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In re Energy Future Holdings Corp.

United States District Court, D. Delaware

March 28, 2017

In re ENERGY FUTURE HOLDINGS CORP., et al., Debtors.
v.
ANGELO GORDON & CO, LP, APOLLO ADVISORS VII, L.P., BROOKFIELD ASSET MANAGEMENT PRIVATE INSTITUTIONAL CAPITAL ADVISOR CANADA, L.P., Appellees. MARATHON ASSET MANAGEMENT, LP, POLYGON CONVERTIBLE OPPORTUNITY MASTER FUND, POLYGON DISTRESSED OPPORTUNITIES MASTER FUND, Appellants, Bankruptcy No. 14-10979-CSS Bankruptcy Adv. No. 15-51917-CSS

          Adam G. Landis, Esq., Matthew B. McGuire, Esq., LANDIS RATH & COBB LLP, Wilmington, DE; George W. Shuster, Jr., Esq. (argued), Michael Guippone, Esq., WILMER CUTLER PICKERING HALE AND DORR LLP, New York, NY; Benjamin W. Loveland, Esq., WILMER CUTLER PICKERING HALE AND DORR LLP, Boston, MA. Attorneys for Appellants

          Bradley R. Aronstam, Esq., Benjamin J. Schladweiler, Esq., ROSS ARONSTAM & MORITZ LLP, Wilmington, DE; George A. Davis, Esq., Jonathan Rosenberg, Esq., Peter Friedman, Esq. (argued), Daniel S. Shamah, Esq., Andrew Sorkin, Esq., O'MELVENY & MYERS LLP, New York, NY. Attorneys for Appellees

          MEMORANDUM OPINION

          ANDREWS, U.S. DISTRICT JUDGE

         This is an appeal from the Bankruptcy Court's April 12, 2016 Order granting Lender Defendants' Motion to Dismiss Complaint and dismissing the adversary proceeding with prejudice. The appeal is fully briefed. (D.I. 15; D.I. 17; D.I. 19). I held oral argument on December 13, 2016. (D.I. 22 ("Tr.")). For the reasons set forth below, this Order is AFFIRMED.

         I. BACKGROUND

         This appeals relates to the priority rights of two sets of lenders, both of which have lent money to Texas Competitive Electric Holdings Company LLC ("TCEH") under a $24.5 billion first lien credit facility. (D.I. 15 at p. 2). That facility had three distinct parts, $20.55 billion in term loans, a $2.7 billion revolving line of credit, and a $1.25 billion deposit letter of credit subfacility ("Deposit L/C Facility" or "Deposit L/C Loan") (collectively, the "Loans"). (Id. at p. 10). The Deposit L/C Lenders were the sole funding source of the Deposit L/C Facility, not all lenders generally. (D.I. 15 at p. 2). Plaintiffs-Appellants are Marathon Asset Management, LP, Polygon Convertible Opportunity Master Fund, and Polygon Distressed Opportunities Master Fund ("Appellants"). Appellants, along with other lenders, constitute the Deposit L/C Lenders who advanced all of the $1.25 billion in cash used to fund the Deposit L/C Facility. (D.I. 16 at ¶ 1051). This money was deposited into a specific, segregated account (variously referred to as "Deposit L/C Loan Collateral Account, " "Deposit L/C Collateral, " or "Deposit L/C Loan Collateral"), and was not commingled with the proceeds of other lenders' loans or with TCEH's other cash generally. (D.I. 15 at p. 2). Appellees are part of a class of other lenders which did not lend into the Deposit L/C Loan Collateral Account. (D.I. 17 at 5). The $1.25 billion was held as separate collateral for the Deposit L/C Facility. (D.I. 15 at p. 2). TCEH could request that a bank ("Deposit L/C Issuer") issue deposit letters of credit to third parties with whom TCEH might have business relationships requiring letters of credit to be posted. (Id. at p. 11).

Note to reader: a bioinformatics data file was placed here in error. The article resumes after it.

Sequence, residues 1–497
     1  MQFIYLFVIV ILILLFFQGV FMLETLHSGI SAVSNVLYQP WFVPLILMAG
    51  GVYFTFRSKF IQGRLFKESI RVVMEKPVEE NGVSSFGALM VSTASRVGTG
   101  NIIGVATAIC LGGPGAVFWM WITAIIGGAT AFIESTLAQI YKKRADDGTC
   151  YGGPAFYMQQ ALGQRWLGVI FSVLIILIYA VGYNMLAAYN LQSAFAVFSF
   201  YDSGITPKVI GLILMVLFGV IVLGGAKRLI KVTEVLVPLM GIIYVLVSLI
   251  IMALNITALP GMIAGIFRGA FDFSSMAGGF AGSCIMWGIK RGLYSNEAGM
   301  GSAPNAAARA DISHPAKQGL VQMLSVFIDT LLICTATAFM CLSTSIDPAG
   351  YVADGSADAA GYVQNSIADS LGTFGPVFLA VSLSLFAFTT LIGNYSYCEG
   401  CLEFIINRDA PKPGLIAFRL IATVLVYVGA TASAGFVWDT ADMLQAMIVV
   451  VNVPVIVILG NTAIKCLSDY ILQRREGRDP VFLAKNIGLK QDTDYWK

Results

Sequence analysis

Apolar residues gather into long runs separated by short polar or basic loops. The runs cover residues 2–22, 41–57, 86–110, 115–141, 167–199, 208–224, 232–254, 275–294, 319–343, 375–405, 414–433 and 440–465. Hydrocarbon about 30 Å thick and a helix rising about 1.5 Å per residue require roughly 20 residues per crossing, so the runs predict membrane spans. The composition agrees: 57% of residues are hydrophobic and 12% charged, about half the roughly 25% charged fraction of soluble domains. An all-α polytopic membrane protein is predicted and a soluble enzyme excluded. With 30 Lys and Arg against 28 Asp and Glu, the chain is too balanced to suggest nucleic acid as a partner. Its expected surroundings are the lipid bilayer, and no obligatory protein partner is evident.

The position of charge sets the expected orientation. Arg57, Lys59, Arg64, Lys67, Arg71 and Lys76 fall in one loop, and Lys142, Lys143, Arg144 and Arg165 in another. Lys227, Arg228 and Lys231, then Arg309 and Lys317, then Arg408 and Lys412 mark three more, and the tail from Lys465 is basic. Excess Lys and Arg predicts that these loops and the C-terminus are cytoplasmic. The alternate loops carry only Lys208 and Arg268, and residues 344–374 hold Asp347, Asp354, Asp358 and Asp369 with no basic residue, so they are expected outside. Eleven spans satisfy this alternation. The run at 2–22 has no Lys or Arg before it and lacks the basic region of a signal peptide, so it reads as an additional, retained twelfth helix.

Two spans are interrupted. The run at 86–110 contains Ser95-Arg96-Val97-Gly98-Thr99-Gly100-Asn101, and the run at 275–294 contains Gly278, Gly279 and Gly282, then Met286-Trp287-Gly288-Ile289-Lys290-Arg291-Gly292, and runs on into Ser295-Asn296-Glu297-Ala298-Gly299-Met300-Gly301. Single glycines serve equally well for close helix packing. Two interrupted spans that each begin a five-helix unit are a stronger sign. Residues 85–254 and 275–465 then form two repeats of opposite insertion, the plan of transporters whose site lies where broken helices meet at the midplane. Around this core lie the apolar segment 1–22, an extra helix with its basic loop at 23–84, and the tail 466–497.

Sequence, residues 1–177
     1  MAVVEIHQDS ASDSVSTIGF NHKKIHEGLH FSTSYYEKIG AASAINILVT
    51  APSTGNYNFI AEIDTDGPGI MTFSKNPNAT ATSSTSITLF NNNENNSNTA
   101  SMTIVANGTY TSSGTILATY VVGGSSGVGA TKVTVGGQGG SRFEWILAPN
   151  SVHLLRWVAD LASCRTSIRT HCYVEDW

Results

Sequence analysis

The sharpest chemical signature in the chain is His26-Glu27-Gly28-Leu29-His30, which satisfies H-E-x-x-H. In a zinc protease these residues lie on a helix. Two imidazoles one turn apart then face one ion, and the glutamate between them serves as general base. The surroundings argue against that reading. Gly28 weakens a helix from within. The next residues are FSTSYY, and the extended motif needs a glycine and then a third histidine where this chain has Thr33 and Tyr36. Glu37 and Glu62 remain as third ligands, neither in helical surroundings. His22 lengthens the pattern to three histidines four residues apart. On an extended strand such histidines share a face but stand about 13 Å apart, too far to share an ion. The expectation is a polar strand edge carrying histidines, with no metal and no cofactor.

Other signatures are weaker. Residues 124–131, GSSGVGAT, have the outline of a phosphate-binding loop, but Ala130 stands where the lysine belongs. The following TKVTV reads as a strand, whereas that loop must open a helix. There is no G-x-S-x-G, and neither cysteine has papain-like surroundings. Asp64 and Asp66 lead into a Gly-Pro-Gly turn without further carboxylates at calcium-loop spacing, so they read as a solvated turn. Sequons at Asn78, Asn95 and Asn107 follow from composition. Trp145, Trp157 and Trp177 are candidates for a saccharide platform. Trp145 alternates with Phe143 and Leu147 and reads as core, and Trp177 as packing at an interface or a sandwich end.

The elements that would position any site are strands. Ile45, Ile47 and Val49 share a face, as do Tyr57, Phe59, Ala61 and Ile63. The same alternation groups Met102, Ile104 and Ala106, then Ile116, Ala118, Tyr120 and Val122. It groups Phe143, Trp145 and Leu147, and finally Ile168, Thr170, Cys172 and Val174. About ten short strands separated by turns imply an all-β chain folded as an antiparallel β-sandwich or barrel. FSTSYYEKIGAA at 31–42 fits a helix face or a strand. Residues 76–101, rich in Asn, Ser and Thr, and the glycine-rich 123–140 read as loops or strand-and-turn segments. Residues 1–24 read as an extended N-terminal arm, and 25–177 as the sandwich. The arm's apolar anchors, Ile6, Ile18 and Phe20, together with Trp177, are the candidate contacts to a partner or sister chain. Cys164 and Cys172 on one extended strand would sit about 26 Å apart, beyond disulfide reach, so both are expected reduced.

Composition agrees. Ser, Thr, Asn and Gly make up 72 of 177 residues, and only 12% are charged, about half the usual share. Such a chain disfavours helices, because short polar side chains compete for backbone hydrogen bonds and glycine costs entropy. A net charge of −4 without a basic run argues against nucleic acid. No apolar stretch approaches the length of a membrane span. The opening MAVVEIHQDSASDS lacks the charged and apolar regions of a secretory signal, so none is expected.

There are three agreements relevant to this issue: the Credit Agreement (D.I. 16 at ¶ 843- 1049; D.I. 18 at ¶ 1-277), [1] Intercreditor Agreement (id. at A733-91), and Security Agreement (id. at A792-842) (collectively, the "Credit Documents"). The most relevant provision of the Credit Documents is section 4.1 of the Intercreditor Agreement, which provides:

4.1 Application of Proceeds. Regardless of any Insolvency or Liquidation Proceeding which has been commenced by or against the Borrower or any other Loan Party, Collateral or any proceeds thereof received in connection with the sale or other disposition of, or collection on, such Collateral upon the exercise of remedies under the Security Documents by the Collateral Agent shall be applied in the following order (it being agreed that the Collateral Agent shall apply such amounts in the following order as promptly as is reasonably practicable after the receipt thereof; provided that such amounts shall not be so applied until such time as the amount of the Secured Obligations has been determined in accordance with the terms hereof and under the terms of the relevant Financing Document, including and subject to Sections 4.3 and 4.4 below)